Saturday, January 2, 2021

Audio Amplifier Feedback - Limitations of Dominant Pole Compensation

In the last post, I compensated a conventional three stage audio power amplifier by adding a "Miller" compensation capacitor, which created a dominant pole. The dominant pole compensation is easy to apply, produces predictable results, the resulting amplifiers are relatively insensitive to the variations in parts and manufacturing, and thus is widely used.

The benefits of dominant pole compensation come at a cost: the open loop gain falls by 20dB/decade as the frequency grows. This brings two major limitations:

  • Global loop gain and the bandwidth (that is, the frequency where the loop gain becomes unity) are linked - the more gain you want, the more bandwidth you have to provide; and
  • Global loop gain falls with frequency at the rate of 20dB/decade:

With the dominant pole compensation, the bandwidth sets a limit on the global loop gain. For example, if you want to close your feedback loop at 800kHz, you loop gain at 20kHz will be 800 / 20 = 40 = 32dB. If your output stage at 20kHz produces 0.1% of third harmonic distortion without feedback, with this loop gain the distortion will be reduced by a factor of 800 / 60 = 13 (=22.5dB) to 0.0075%.

Conversely, choosing the global loop gain at a given frequency sets the bandwidth. If you wanted your distortion to go down to 0.001%, you'd need 0.1/0.001 = 100 = 40dB of loop gain at 60kHz, which translates to a 60kHz * 100 = 6MHz bandwidth.

The bandwidth of an amplifier has a practical limit. As the zero-loop-gain frequency increases, high frequency poles add to the phase lag, the impact of parasitics increases, the variations in the parameters of parts with voltage and current become more important, the construction of the amplifier requires more attention, and so on.

Generally speaking, amplifiers with the bandwidth of low single digit megahertz are fairly easy to build,  but as the bandwidth goes to 10MHz and above, it becomes complicated. For example, my model amplifier becomes unstable (its phase lag exceeds 180 degrees, and the phase margin becomes negative) if its bandwidth is set at 6MHz:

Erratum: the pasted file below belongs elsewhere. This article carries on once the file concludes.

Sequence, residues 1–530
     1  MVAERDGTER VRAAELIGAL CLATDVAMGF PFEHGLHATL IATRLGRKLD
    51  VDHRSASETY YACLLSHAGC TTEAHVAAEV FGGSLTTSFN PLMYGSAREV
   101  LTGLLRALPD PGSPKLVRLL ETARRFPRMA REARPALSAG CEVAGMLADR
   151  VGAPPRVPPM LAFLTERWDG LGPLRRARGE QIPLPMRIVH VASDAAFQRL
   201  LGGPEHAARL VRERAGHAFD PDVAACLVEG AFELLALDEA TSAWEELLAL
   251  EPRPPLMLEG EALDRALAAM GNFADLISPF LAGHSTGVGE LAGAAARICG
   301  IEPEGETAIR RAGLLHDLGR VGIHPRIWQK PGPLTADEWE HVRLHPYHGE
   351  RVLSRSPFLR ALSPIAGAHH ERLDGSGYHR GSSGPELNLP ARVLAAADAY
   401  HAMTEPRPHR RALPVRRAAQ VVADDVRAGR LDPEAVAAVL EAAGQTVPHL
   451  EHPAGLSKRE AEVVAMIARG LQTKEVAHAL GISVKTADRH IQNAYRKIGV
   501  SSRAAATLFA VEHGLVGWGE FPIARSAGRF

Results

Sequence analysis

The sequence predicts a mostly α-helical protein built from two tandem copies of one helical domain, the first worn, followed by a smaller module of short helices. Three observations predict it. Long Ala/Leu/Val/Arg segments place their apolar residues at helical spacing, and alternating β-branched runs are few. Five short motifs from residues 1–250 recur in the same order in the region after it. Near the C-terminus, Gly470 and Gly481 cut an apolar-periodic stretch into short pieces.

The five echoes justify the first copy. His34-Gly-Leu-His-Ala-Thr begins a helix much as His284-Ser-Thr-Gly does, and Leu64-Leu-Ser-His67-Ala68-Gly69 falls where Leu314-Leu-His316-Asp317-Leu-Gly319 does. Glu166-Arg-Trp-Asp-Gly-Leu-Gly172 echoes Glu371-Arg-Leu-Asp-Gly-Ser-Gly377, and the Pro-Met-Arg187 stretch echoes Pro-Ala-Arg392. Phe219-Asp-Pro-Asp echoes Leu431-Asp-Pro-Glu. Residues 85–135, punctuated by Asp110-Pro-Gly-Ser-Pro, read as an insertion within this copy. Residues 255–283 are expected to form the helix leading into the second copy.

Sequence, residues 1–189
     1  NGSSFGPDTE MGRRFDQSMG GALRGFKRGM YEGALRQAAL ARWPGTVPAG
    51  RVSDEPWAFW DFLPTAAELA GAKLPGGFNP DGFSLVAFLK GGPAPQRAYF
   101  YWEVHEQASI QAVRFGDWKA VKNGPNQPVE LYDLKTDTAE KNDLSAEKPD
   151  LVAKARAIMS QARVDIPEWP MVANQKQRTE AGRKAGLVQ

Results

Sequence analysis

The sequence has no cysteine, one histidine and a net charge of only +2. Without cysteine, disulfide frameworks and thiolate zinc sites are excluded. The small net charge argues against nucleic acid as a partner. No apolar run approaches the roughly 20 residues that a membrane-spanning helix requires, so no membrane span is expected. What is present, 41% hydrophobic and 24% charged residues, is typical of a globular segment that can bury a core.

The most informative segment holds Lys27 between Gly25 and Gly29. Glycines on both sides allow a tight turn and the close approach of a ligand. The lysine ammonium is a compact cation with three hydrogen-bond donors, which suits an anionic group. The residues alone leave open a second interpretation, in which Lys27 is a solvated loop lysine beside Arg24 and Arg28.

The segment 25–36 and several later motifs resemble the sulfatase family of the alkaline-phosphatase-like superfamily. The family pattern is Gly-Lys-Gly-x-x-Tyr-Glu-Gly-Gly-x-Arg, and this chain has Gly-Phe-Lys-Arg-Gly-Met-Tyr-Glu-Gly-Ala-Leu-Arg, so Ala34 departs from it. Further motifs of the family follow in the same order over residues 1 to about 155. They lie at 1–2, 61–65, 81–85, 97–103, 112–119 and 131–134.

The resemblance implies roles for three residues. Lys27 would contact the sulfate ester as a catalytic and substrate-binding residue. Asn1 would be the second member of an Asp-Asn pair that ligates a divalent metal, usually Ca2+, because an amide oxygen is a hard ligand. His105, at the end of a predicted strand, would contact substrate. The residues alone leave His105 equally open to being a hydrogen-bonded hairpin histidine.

Because of that practical limit, most audio power amplifiers compensated with a dominant pole have at most 30-40dB of global loop gain at 20kHz, and often even less than that.

Limited global loop gain increases distortion in two ways:
  • Error Transfer Function $ETF = {1 \over {1 - LG }}$ (see my first post on this topic) becomes larger - that is, the ability of the global loop to correct distortion at the output of the amplifier diminishes;
  • A subtler effect is that the voltage at the amplifier's input increases, making the input stage less linear - this will be covered in the next post.
In addition, the loop gain falls - and distortion grows - with frequency. This has a familiar sonic signature: the bass, largely unaffected by distortion, sounds very tight and controlled on the backdrop of higher frequency mush. This is often attributed to the amplifier's high damping factor (the ratio of its output impedance to the load impedance) and/or to the massive power supply.

Some recognized experts, such as Bruno Putzeys or Vladimir Lamm, have suggested that if you don't have enough loop gain to make your amplifier sound transparent, it is better to have the loop gain, and hence distortion, approximately flat across the audio band. In this way, the distortion at higher frequencies is less conspicuous and less annoying, giving a better overall sonic experience. I will look into this in a subsequent post on transient intermodulation distortion (TIM).

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